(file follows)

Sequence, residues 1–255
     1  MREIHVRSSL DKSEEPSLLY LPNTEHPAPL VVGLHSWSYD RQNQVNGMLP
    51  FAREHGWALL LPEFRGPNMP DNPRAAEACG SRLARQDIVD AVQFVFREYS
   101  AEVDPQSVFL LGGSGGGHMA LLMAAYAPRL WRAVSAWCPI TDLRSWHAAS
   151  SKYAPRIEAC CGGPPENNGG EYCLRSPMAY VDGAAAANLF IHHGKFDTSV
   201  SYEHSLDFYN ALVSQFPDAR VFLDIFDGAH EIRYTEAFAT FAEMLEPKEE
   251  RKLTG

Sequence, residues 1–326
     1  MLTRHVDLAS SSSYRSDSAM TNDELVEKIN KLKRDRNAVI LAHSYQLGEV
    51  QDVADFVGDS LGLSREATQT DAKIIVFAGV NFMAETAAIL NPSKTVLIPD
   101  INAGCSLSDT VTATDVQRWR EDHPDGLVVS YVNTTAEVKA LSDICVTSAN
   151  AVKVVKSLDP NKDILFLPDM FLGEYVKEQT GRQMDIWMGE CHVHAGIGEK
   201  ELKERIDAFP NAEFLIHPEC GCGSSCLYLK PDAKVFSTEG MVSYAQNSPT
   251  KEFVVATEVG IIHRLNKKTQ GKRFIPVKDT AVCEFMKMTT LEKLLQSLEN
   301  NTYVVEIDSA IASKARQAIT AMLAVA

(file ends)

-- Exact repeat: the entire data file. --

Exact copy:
Sequence, residues 1–255
     1  MREIHVRSSL DKSEEPSLLY LPNTEHPAPL VVGLHSWSYD RQNQVNGMLP
    51  FAREHGWALL LPEFRGPNMP DNPRAAEACG SRLARQDIVD AVQFVFREYS
   101  AEVDPQSVFL LGGSGGGHMA LLMAAYAPRL WRAVSAWCPI TDLRSWHAAS
   151  SKYAPRIEAC CGGPPENNGG EYCLRSPMAY VDGAAAANLF IHHGKFDTSV
   201  SYEHSLDFYN ALVSQFPDAR VFLDIFDGAH EIRYTEAFAT FAEMLEPKEE
   251  RKLTG

Sequence, residues 1–326
     1  MLTRHVDLAS SSSYRSDSAM TNDELVEKIN KLKRDRNAVI LAHSYQLGEV
    51  QDVADFVGDS LGLSREATQT DAKIIVFAGV NFMAETAAIL NPSKTVLIPD
   101  INAGCSLSDT VTATDVQRWR EDHPDGLVVS YVNTTAEVKA LSDICVTSAN
   151  AVKVVKSLDP NKDILFLPDM FLGEYVKEQT GRQMDIWMGE CHVHAGIGEK
   201  ELKERIDAFP NAEFLIHPEC GCGSSCLYLK PDAKVFSTEG MVSYAQNSPT
   251  KEFVVATEVG IIHRLNKKTQ GKRFIPVKDT AVCEFMKMTT LEKLLQSLEN
   301  NTYVVEIDSA IASKARQAIT AMLAVA